Apple today revealed iBooks 2, which expands its bookmaking app and App Store to include textbooks. The effort will include tools built to make it easier to create digital textbooks and provide students with dynamic, interactive learning material. Though the focus is on the educational market, iBooks 2 will have an affect on small businesses as well. Here are just a few of the ways a successful iBooks 2 could impact your business.
1. Content creation
Apple released a free app called iBooks Author, which it says can enable ‘gorgeous, full screen books; interactive animations, diagrams, photos, videos; fast, fluid navigation; highlighting and note-taking’. The app isn’t just for textbooks, as Apple suggests it’s great for ‘cookbooks, history books, picture books and more’. The tool includes templates, works through drag-and-drop mouse gestures and allows widgets to be included in books to enable photo galleries, video, slideshows and 3D objects. For businesses, this could be a great tool for promotional materials and training manuals – or if your business provides content, a new way to generate and sell your media.
2. Employee training
If iBooks 2 succeeds as educators shift away from paper books and toward digital media, expect other types of training to follow. The change will likely be similar to moving from overhead presentations to PowerPoint slideshows. Once you’ve seen a PowerPoint presentation, a stack of overhead transparencies no longer compares. Any training your business provides is likely to take the form of what your fresh-out-of-school hires are familiar with. Having the tools to combine all of this into an easily digestible form will be convenient. Having to turn otherwise boring, static, boilerplate information into a dazzling show will be extra work.
3. Demand for tablets
Tablets are on the rise, and using them for textbooks will be one more way that every student will end up using one. Expect to see Apple’s competitors release similar offerings, and for tablets eventually to become a standard school supply. In the same way that nearly every college student today needs a laptop, soon they will all need tablets. Once in the workplace, and having been trained on a tablet, they will expect to use a tablet for their daily duties. Businesses should not only expect to accommodate tablets, but embrace them as an important business tool.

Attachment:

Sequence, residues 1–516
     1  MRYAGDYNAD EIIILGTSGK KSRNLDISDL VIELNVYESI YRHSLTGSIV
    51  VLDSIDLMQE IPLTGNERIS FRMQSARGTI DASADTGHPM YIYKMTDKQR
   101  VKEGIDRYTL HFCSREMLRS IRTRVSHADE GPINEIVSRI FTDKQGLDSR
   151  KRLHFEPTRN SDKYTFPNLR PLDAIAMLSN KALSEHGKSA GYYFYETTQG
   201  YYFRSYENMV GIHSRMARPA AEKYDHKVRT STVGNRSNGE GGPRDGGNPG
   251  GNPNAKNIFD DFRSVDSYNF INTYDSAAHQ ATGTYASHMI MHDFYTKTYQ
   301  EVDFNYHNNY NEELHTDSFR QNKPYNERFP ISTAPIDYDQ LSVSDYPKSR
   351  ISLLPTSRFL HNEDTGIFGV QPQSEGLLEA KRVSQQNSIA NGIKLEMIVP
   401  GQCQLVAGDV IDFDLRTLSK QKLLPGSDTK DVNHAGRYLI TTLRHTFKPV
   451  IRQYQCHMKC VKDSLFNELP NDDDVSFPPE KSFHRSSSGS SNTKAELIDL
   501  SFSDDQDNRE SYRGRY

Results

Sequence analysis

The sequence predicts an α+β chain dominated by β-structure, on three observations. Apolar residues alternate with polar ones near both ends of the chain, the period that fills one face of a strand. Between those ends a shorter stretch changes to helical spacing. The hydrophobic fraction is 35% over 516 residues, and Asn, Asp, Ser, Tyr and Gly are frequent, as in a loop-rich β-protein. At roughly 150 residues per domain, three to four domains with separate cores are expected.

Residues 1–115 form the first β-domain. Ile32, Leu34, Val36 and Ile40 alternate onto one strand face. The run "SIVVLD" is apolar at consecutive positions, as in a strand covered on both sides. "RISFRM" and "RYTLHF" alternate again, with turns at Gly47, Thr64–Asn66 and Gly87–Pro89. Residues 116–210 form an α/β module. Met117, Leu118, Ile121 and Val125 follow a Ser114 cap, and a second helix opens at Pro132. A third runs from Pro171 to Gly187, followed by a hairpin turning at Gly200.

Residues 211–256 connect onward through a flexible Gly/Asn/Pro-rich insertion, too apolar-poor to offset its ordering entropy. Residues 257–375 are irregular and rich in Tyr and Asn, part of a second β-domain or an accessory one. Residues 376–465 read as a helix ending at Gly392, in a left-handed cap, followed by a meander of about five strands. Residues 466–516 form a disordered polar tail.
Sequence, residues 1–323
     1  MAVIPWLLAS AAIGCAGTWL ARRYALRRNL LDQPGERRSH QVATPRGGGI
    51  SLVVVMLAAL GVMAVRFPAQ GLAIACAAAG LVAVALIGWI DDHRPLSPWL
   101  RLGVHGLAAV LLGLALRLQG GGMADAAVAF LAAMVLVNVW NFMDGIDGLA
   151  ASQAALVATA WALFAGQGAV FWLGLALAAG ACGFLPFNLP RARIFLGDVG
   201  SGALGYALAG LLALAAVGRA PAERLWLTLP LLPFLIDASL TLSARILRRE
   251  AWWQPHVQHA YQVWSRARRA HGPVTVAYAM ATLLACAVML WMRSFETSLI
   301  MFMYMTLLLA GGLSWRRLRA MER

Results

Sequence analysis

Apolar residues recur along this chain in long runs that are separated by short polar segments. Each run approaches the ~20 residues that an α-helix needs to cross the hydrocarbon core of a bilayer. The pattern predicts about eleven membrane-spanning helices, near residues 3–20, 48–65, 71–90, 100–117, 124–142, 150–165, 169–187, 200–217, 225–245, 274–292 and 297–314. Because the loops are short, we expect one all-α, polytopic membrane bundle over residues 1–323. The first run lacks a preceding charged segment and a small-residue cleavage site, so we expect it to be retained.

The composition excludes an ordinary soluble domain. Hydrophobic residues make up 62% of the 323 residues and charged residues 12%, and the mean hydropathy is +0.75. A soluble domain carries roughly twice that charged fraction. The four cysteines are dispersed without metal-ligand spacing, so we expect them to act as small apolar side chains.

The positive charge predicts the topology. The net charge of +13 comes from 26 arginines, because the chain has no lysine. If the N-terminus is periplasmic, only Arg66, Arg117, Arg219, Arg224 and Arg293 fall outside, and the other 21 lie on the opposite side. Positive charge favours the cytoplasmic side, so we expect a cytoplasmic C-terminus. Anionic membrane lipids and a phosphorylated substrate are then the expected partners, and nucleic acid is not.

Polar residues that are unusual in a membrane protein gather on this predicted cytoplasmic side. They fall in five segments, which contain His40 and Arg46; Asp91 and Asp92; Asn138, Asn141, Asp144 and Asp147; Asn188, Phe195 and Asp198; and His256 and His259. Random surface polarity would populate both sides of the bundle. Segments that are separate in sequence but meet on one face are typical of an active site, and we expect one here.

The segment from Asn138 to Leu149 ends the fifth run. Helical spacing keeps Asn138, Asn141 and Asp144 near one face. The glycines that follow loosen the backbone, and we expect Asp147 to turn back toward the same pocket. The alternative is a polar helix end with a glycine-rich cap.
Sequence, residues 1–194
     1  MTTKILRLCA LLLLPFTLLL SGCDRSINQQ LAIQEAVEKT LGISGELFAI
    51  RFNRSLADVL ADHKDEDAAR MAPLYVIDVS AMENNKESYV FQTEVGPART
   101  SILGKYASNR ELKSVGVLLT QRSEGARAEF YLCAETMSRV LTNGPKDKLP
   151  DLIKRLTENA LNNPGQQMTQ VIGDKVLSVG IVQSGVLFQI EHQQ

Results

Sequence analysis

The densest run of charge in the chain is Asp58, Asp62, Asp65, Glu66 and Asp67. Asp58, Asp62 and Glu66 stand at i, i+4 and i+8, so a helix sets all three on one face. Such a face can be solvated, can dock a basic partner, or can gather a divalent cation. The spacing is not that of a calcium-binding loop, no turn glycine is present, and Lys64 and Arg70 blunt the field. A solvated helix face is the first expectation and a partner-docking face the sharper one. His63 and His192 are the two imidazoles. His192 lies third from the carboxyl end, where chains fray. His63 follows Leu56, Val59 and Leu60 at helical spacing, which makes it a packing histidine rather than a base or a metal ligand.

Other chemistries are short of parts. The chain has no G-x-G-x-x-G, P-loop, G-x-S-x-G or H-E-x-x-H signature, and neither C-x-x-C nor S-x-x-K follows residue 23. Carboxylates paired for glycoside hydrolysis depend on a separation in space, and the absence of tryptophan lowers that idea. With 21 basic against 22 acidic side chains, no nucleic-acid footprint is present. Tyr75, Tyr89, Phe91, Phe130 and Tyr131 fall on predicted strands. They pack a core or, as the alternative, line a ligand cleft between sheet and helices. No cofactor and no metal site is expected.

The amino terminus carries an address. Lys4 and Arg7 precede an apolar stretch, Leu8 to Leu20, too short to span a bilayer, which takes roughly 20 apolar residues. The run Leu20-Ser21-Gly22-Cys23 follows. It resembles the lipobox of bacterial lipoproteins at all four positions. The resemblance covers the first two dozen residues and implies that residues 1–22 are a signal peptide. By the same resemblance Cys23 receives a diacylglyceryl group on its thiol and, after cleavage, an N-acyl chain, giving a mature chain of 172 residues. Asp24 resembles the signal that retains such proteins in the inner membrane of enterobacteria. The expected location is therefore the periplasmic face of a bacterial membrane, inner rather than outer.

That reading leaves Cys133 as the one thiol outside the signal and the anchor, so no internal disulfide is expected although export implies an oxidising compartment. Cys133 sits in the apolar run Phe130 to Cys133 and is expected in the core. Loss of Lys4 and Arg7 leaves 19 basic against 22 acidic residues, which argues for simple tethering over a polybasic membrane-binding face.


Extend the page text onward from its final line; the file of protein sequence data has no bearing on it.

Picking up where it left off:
4. Demand for Apple
The iPad currently dominates the tablet market, with over 70 percent market share. The competition is improving and more options are becoming available, but it’s possible this early lead could stick for some time. As with the portable music market, Apple could remain in control, and if that happens, expect greater demand for Apple products at work. First the iPod and then the iPhone were seen as ‘gateway drugs’, indoctrinating users into the Apple ecosystem and making them want more Apple products. As students are exposed to iPads from a young age, they will expect to use Apple products at work.
5. Better employees?
Why move from paper to digital media? For Apple and its competitors, there’s certainly a financial gain. From a pedagogical standpoint, will a tablet be a better educational tool than a paper book? Perhaps a change in the tool and the addition of multimedia won’t make any difference. The addition of audio, video, pictures and widgets could provide a passive experience in which students just watch the flashing lights and moving objects and don’t learn much. Hopefully, however, the capability to convey information in the richest format possible will engage students, improving their education by make it easier for them to absorb information. And with more educated students graduating and entering the workforce, companies will have a stronger pool to draw hires from, which benefits all types of businesses.